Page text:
It is simultaneously the most glorious time of the year here, and the most dreadful. We finally got to the warm and get let out of winter-jail. But because it’s also Mosquito Season, we get grounded back to our house to look at it from the inside. Sigh.
Because of the short growing season, our plants and all things green show up literally overnight and grow like they’re tropical! Our apple, cherry, and plum trees are in full blossom. The days are in the 70’s and 80’s all of a sudden. The air drips with the scents of lilacs and promised fruits.
But with that, the blood-suckers have arrived en masse, and we have to survive it to get to the beach. What I mean is, the beach is calling and will soon be one of the most heavenly places on earth and like everywhere else, there is a price to pay for the beauty.
If given the opportunity to live anywhere else, Kauai wins the game in my opinion, but the prices to pay for living there are too high. To me, it is too vulnerable — that tiny little jutting-up piece of land that lives threatened and isolated. The cost of living in the forever-summer states: hurricanes, ridiculous heat half the year, and too-big-spiders.
The price for this place is winters and bugs. And the worst of them all, mosquitos.
We arrived six years ago, almost to the day. My sweet man had JUST and I mean just, left ICU from Henry Ford Hospital. We almost lost him, (for the story, start HERE <—) and our determination from fighting that epic battle to get here, has no other words to describe it, but epic.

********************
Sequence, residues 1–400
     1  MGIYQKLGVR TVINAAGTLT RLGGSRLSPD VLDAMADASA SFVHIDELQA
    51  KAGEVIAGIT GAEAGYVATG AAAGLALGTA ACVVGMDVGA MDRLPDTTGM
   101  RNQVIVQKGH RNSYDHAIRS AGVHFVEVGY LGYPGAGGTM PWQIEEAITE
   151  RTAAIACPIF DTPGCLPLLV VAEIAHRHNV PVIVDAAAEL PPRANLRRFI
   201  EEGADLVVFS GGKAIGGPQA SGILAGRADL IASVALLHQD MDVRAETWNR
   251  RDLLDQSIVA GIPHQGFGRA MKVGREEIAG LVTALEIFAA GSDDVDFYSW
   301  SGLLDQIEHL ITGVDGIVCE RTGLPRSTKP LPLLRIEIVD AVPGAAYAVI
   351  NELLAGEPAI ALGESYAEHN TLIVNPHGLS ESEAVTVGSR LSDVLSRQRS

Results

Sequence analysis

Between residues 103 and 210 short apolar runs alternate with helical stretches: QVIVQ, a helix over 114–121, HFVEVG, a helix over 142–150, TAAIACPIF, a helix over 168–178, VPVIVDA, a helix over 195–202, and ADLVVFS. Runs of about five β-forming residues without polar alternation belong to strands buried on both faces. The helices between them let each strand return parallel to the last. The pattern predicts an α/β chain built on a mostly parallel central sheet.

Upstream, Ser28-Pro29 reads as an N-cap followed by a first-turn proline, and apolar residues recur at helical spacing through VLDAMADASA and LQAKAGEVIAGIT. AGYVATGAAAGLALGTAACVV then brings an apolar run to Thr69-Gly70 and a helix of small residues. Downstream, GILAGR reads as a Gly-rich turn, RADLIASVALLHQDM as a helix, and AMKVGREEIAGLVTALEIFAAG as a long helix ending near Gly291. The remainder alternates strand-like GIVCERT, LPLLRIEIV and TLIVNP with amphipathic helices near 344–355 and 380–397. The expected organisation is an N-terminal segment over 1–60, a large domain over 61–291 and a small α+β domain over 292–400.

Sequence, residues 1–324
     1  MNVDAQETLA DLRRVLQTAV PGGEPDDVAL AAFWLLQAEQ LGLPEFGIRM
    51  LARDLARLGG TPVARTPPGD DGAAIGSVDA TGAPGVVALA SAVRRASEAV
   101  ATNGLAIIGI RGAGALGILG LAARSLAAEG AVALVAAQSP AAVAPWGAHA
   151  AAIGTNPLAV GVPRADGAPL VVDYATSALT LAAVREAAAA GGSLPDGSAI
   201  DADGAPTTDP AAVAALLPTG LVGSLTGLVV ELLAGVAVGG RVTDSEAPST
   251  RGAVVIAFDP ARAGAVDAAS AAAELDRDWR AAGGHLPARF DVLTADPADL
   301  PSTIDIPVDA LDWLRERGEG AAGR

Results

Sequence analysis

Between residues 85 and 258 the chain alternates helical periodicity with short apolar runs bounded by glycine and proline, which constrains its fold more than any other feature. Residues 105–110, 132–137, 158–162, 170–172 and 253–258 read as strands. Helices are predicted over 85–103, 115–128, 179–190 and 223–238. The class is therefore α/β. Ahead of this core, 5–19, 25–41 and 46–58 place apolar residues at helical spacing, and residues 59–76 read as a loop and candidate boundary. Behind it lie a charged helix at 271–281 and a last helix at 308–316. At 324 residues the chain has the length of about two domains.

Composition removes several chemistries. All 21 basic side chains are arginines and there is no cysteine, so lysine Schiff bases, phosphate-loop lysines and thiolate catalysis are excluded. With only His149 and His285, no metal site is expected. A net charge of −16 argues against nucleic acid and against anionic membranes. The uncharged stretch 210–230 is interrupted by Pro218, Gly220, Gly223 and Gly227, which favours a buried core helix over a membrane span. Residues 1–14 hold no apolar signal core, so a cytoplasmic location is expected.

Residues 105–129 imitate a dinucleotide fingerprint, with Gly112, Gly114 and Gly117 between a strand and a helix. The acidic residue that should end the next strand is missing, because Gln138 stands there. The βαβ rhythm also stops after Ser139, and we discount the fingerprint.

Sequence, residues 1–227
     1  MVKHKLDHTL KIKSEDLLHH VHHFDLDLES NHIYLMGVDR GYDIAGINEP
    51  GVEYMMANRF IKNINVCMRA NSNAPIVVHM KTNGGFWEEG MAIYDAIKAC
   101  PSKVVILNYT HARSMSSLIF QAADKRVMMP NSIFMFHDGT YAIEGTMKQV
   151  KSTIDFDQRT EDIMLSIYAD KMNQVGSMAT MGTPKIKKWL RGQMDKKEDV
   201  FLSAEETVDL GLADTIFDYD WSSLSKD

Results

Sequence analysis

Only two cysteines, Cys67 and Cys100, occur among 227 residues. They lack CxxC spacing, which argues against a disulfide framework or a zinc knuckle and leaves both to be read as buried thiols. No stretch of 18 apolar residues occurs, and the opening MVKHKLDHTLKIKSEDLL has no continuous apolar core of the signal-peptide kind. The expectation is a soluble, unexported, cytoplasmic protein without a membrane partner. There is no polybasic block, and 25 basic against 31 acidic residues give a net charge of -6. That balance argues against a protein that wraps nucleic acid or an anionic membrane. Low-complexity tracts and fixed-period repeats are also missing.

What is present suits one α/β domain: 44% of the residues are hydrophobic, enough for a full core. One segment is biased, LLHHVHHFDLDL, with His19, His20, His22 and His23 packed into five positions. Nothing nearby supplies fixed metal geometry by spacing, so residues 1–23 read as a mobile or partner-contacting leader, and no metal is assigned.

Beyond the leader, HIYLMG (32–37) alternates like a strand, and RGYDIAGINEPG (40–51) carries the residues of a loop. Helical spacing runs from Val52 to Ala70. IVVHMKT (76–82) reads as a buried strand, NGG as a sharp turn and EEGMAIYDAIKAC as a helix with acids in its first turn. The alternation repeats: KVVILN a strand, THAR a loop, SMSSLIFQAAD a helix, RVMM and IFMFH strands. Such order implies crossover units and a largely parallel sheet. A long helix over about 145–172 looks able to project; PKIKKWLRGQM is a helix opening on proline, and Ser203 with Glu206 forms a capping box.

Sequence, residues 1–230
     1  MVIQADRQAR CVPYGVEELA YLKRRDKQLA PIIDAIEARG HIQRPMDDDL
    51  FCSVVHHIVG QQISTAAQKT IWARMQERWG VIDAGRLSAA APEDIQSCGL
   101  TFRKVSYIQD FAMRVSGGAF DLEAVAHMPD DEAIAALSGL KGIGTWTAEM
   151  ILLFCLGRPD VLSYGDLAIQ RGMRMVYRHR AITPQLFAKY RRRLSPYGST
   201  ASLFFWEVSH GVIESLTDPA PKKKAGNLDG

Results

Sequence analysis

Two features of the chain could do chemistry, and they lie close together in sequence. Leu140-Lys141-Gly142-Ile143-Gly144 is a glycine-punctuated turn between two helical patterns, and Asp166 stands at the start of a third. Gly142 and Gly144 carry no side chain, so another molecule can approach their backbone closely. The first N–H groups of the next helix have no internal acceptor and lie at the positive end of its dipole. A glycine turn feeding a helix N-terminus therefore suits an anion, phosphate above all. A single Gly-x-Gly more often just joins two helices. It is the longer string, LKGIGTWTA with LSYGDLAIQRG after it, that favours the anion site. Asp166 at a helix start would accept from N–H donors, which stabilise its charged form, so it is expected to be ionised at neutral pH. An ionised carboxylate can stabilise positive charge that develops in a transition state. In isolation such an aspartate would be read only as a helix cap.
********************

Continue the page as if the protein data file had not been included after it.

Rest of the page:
Because he was in no condition to drive, and because we had to close on our house up here, I had to drive our box truck on the twelve hour journey. It is, to this day, one of my greatest accomplishments. There simply wasn’t room for an I can’t. We arrived late in the evening and parked the moving truck in the driveway and I sat there, beyond exhausted with literal hordes of mosquitos surrounding the truck windows like a literal plague, and I wondered what in the heck we had done. Was this place even habitable? How did one survive this many bugs?
I am 100% convinced that one could perish from mosquitos in the woods here. They swarm by the thousands and they fly up noses, in ears, in eyes, and bite through thick clothing. The native Americans that first settled here, did not settle here, rather choosing the coastline where the breeze keeps the nasties at bay. But we settled here. Deep in the deeeeep woods.
Here’s how we survive:
- No windows or doors are opened unless it’s midday or very breezy outside.
- Don’t go out past about 4:00 PM or pretty much anytime in the morning.
- We broke down and bought hats that double as a personal screened porch!
- We literally sit with electrified tennis rackets in our living room. We have six of them, and we each bring one to bed at night. My sweet man and I sleep in one of our guest rooms where they aren’t as rugged. If we sleep in our own room which seems to be the favorite of every bug, we literally use a bug net over our bed for the entire summer.
- We have a little device that burns the crap out of your skin if you have a bug bite. Made in Germany, this little device is sweet torture. 20 seconds of burn is indeed, better than days of itching.
- We are on a quest to find a bug spray without DEET that actually works. We ordered $50 worth — all different kinds — and they arrive this week. I’ll keep you posted.
- We pray for the arrival of the dragonflies aka the allied forces. They’ll be here soon and they’ll be hungry. Those guys feast so we can usually emerge by the 4th of July. I’d totally kiss a dragonfly out of gratitude if they’d let me.
So, that is the story of Mosquito Season in the western U.P. What things make it a challenge to live where you live? Tell me all about it so I can remember that every place has its things. :o) And no worries, once this is over, I’ll be back to bragging about this most magnificent place to live that no one else should ever move to.